As a nursing student or a new grad nurse, one of the most daunting tasks is giving a handoff report to another nurse/preceptor or presenting to the allied health team (doctor, pharmacist, social worker, dietician, etc) during morning rounds. This can be quite intimidating because even though you are not as experienced as the rest of the team, you want to give a good report that shows that you know what is happening with your patient. Fortunately, there’s a system in place to organize your nursing handoff report in a systematic and concise manner. This system is called the SBAR method.
SBAR stands for Situation, Background, Assessment and Recommendation. It’s something a lot of nurses are taught in nursing school but often forget to practice once they start working under their own license. SBAR may seem tedious, but the research has shown that it improves patient safety, patient outcomes and nurse satisfaction. In future posts we will discuss SBAR more in depth but for now will use a SBAR nursing report sheet to show you how SBAR looks like during the handoff report.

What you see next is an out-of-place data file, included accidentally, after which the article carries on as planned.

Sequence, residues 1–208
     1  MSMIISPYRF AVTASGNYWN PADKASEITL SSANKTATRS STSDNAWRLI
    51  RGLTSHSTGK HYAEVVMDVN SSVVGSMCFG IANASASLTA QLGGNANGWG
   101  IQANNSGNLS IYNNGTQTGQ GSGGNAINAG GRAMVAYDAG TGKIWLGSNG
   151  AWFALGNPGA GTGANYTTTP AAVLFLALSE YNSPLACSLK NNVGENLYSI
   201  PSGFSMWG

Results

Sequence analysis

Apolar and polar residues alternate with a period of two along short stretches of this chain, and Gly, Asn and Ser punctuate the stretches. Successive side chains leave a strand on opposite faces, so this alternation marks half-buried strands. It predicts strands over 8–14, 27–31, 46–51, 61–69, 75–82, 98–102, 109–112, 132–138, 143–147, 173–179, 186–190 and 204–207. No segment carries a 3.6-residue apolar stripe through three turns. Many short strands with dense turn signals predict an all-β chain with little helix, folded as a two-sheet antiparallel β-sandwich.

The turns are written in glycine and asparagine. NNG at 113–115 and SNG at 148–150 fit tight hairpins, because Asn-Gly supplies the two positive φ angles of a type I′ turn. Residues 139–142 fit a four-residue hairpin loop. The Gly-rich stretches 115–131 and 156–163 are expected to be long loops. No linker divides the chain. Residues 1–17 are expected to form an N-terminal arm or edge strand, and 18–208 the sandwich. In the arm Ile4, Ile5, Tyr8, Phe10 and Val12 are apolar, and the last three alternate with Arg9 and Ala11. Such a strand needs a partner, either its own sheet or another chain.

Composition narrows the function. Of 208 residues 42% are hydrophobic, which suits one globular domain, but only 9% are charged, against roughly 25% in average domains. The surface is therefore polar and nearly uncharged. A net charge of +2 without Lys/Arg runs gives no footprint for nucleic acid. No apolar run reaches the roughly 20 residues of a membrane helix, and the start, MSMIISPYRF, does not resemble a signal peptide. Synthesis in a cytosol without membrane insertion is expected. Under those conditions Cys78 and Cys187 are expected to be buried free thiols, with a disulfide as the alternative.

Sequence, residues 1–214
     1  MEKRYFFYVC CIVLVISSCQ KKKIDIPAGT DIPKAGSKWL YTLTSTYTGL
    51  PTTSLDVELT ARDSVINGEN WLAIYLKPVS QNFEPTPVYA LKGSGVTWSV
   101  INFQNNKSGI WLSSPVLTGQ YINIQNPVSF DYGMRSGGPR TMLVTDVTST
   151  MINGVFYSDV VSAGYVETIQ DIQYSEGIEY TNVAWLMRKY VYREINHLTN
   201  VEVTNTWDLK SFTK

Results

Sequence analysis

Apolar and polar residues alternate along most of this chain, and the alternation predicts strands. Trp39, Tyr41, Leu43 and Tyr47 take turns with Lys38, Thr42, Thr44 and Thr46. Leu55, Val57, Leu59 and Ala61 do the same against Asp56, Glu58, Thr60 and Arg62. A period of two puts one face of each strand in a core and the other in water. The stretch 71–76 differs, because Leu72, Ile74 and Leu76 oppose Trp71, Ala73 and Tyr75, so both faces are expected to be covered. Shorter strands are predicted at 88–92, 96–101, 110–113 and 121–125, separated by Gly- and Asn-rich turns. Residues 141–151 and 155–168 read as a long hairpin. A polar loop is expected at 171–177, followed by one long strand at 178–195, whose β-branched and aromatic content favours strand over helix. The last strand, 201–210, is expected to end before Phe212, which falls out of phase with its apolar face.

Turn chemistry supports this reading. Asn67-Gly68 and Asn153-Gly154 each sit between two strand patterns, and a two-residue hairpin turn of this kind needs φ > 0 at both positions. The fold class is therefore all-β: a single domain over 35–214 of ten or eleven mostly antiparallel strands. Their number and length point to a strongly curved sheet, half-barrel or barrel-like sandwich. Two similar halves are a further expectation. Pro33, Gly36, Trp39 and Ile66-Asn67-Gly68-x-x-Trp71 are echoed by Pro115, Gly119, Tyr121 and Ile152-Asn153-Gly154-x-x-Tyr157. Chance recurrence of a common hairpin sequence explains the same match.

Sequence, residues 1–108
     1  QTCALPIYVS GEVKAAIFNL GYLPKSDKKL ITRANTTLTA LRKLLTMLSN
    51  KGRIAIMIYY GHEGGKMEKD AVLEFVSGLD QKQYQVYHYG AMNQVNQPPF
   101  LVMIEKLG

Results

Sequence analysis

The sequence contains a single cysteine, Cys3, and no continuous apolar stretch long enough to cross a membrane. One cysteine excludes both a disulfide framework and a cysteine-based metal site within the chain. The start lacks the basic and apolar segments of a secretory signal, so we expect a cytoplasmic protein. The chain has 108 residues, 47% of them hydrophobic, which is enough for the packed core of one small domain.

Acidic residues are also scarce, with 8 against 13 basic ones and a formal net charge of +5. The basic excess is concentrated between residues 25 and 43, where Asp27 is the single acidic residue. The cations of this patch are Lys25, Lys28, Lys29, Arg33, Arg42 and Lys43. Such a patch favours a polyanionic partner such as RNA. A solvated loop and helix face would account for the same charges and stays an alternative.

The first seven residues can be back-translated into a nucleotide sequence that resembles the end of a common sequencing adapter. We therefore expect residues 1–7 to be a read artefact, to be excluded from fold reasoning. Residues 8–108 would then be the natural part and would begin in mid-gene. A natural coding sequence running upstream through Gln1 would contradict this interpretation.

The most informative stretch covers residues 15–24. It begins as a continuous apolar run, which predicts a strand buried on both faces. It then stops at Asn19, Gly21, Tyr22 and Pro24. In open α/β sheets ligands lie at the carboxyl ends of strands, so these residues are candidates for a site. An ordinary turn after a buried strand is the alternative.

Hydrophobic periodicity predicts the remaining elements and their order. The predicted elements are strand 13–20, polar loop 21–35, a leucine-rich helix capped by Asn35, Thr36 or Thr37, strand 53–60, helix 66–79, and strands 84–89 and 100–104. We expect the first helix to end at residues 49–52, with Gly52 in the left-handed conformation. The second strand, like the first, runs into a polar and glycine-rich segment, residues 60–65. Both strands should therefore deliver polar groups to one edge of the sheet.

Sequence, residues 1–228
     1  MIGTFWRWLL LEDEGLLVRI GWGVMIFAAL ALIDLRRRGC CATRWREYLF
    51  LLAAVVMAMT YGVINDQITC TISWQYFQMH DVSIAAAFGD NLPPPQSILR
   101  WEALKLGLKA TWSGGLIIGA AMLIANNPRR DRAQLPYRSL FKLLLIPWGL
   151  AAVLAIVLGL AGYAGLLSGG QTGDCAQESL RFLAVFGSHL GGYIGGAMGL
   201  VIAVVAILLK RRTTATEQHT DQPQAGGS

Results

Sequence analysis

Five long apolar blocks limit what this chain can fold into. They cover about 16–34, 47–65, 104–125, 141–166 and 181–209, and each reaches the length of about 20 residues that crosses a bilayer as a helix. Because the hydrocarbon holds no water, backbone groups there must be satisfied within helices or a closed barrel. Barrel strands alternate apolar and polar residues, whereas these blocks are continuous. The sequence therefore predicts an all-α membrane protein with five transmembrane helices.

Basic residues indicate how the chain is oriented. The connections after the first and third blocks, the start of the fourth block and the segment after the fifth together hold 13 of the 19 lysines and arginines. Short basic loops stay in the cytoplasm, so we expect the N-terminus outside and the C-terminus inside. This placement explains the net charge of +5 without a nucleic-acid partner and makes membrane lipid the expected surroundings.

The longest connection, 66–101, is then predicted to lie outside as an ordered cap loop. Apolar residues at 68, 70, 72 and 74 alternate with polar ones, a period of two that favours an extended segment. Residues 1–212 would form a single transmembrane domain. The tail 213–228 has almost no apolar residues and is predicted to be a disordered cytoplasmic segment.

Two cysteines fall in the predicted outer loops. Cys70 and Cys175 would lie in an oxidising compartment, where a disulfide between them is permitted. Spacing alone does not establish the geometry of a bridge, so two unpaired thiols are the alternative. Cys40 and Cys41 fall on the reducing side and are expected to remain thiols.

In our sample patient, we have a female patient who presents to the ER for hyperglycemia symptoms. Our shift is coming to an end and we (you and I) want to give the incoming nurse a good handoff report that will save them time and maintain the patient’s continuity of care. Using our nurse report sheet as reference, we will present our handoff report in a systematic way.
In the situation section of our nurse report sheet, we want to give a general overview of our patient. We want to give a quick summary of our patient’s demographics (room number, age, gender, cultural considerations, doctor, advanced directives, etc), anything that stands out (code status, disabilities, precautions, allergies, alerts, safety concerns, etc) and the main reason she is in the hospital including her primary diagnosis.
Example: Patient Pat in room 1234A is a 58 year old female, full code with a primary diagnosis of diabetes. She presented to the ER complaining of tiredness and blurred vision for 2 days. Her physician is Dr Sozisi and she does not have any advanced directives on file. She has no known drug allergies, is on contact plus precautions (history of C-diff), cannot have blood pressure readings or labs drawn from her left arm (history of left mastectomy) and is on fluid restrictions (history of congestive heart failure). She is also hard of hearing and wears a hearing aid on her left ear.